In many sectors, the future of country music is rife with uncertainty as you’re forced to squint hard at the current tiers of top stars and up-and-comers and wonder where this all will lead us years down the road. But when it comes to the Texas country scene, there is no cause for concern for who’s gonna fill the shoes and stand on the shoulders of all the greats that came before. If there is any problems, perhaps it’s there aren’t enough pairs of shoes to go around for all the new acts sprouting up.
With a healthy farm system to find and develop talent, a great environment where established artists are more than happy to bestow guidance and opportunities to younger artists just as they were done by the established stars before them, songwriting opportunities that foster collaboration between the separate recruiting classes, and even the infrastructure of regional radio and booking/management agencies to get artists the support they need, there is no cause for concern where the future of Texas and Red Dirt music will come from. Take all the ills you know about how the Music Row system develops talent, and the opposite seems to be the case in Texas.
Where it seemed like only a few years ago it was the Randy Rogers Band and Wade Bowen being considered the newcomers in Texas country, then it was the Turnpike Troubadours and William Clark Green, now there is an entirely new rookie class with Flatland Cavalry, the rambunctious Koe Wetzel, and newcomer Kody West. Yes, that’s a lot of K’s for first names, and this is one of many indications that Millennials who grew up listening to the Turnpike Troubadours and Cross Canadian Ragweed are now trying their own hand at the music, and succeeding.
Specifically, Kody West was a Denton, Texas kid who started out by working as a tour manager for Dalton Domino and the Front Porch Family, playing fill-in shows and opening slots around the Dallas/Ft. Worth area whenever he could, all while watching and learning the business, and developing his own chops.
After first releasing an EP in early 2016, Kody West formed his own full-time band, and started touring regionally. Now he’s got show dates up and down the calendar and all across Texas as he tours behind his debut album, Green. The title of this record is Kody West fessing up to his 21-year-old status as an up-and-coming Texas singer and songwriter, and isn’t it refreshing to see a young performer acknowledging their naivete as opposed to puffing their chest out and telling anyone in their way they’re old and part of the problem?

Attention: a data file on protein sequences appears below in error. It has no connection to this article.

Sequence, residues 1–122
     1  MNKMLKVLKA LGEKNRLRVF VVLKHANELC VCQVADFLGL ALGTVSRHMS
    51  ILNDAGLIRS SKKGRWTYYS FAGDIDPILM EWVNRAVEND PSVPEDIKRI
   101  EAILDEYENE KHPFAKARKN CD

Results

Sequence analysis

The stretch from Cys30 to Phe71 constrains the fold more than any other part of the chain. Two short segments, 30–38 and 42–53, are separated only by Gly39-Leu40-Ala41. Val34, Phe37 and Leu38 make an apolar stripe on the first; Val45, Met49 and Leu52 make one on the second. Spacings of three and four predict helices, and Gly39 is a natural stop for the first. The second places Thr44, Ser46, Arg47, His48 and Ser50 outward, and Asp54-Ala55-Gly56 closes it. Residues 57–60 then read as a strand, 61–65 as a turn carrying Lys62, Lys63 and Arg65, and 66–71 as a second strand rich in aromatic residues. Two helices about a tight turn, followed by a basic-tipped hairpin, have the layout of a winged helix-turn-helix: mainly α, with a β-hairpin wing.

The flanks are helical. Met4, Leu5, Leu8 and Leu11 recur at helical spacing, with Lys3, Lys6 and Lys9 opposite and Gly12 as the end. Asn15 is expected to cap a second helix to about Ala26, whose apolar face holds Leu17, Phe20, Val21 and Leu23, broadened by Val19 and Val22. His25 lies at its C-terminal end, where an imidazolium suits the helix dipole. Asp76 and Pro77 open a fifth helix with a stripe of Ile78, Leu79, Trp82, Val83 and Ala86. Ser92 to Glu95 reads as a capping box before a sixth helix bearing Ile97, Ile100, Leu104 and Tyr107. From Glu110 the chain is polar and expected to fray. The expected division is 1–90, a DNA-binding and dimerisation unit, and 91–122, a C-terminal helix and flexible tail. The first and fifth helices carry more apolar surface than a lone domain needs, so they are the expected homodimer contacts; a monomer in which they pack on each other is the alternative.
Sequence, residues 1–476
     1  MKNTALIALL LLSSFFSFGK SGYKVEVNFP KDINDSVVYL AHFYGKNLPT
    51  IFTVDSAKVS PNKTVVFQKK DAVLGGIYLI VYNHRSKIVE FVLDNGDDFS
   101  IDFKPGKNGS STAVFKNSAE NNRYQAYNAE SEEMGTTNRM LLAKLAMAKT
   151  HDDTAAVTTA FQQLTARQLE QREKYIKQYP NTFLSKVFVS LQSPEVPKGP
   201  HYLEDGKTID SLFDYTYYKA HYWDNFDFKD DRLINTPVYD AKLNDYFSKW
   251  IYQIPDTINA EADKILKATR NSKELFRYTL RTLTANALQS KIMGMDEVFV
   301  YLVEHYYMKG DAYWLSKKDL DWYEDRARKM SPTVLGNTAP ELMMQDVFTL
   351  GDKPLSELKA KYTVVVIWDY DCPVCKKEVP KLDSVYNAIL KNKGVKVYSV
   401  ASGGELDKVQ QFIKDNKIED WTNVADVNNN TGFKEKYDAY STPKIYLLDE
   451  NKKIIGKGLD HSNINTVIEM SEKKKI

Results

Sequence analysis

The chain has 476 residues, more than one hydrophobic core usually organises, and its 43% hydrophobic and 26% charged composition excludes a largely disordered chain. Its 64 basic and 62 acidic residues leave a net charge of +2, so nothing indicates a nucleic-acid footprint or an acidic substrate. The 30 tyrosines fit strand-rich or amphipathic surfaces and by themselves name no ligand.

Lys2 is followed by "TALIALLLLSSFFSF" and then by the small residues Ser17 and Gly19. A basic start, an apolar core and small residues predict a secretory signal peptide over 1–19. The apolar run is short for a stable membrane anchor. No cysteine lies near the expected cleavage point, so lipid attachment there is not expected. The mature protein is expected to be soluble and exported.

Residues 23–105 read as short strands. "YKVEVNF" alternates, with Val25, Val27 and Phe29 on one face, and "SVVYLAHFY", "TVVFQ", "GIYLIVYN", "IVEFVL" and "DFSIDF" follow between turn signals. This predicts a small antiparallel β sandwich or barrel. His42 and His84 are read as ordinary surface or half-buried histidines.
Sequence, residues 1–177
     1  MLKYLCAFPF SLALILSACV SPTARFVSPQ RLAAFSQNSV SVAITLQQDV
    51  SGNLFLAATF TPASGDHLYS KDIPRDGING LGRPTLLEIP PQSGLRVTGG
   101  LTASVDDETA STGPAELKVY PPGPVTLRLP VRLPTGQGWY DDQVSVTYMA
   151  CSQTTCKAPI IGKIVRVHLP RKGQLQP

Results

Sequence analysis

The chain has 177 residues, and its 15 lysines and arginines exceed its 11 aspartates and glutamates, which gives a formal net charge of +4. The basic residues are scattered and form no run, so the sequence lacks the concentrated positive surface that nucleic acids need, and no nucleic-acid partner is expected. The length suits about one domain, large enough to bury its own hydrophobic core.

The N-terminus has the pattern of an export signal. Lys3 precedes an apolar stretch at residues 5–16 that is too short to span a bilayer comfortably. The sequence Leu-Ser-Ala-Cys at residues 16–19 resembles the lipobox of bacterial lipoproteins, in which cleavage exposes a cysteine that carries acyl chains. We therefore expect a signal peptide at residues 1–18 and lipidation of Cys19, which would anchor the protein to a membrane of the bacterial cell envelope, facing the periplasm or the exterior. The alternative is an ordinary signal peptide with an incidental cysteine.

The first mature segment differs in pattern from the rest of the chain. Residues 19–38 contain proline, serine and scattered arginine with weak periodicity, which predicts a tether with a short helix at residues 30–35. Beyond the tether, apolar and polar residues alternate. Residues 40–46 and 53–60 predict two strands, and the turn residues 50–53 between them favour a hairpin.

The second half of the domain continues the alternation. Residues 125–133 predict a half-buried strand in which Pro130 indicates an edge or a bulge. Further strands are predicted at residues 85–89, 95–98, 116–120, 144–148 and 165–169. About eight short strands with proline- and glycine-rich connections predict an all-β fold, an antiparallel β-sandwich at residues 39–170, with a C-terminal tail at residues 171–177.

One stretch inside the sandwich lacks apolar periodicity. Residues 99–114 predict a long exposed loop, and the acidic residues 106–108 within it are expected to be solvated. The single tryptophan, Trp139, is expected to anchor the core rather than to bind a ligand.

Yet listening to the songwriting and the developed sound on Green, this record feels anything but freshmen. It has a maturity in the subject matter well beyond Kody’s 21 years, and beyond the output of many artists who are nearly twice his age. Isn’t that the beauty of self-awareness. When you’re able to see yourself as the rest of the world does, and when you look up as opposed to look down at the elders and heroes you’re surrounded by and came before you, all of a sudden a lack of real-world experience isn’t as much of a burden, it can even be an asset. That’s how you can have a kid from Texas who just turned old enough to drink singing songs that are more thought-provoking than Bro-Country acts pushing 40.
Human beings tend to be on either one of two paths in life: Either their maturation process stops at some point in high school or college or maybe sometime before, and they live the rest of their lives in perpetual nostalgia for their glory days, or they spend their whole lives working to grow as people, like the green chutes in the spring that reach for the sky and never stop until they fulfill their full potential. Kody West’s songs are for those second kind of people—those who see their own faults before they see the faults of others, those blessed with the self-reflective gene and a desire for improvement and understanding in life’s journey.
At the same time, Green is far from preachy, heady, it’s certainly not boring, nor does it ignore the joys of young adulthood. It’s quite sensible from a sonic standpoint, finding that common, but enthralling mix of country roots and rock sensibilities that is at the heart of all great Texas country music, and gives it a warmth that is easy to enjoy.
There is still room for improvement in the songwriting, and if Kody West is going to separate himself from the herd of Turnpike Troubadours/Randy Rogers Band soundalikes, he needs to find out what his signature tone is. Green is well-produced without a hiccup by Ben Hussey and Josh Serrato, but it could have used some fiddle perhaps, or just some other wrinkle to make the music more unique. But isn’t that what’s great about discovering a young artist. You know the foundation is there. Now you get to sit back and watch them sprout, blossom, succeed, and eventually drop their own seeds to the future contributors to Texas country to sprout from.
1 1/2 Guns Up (7/10)
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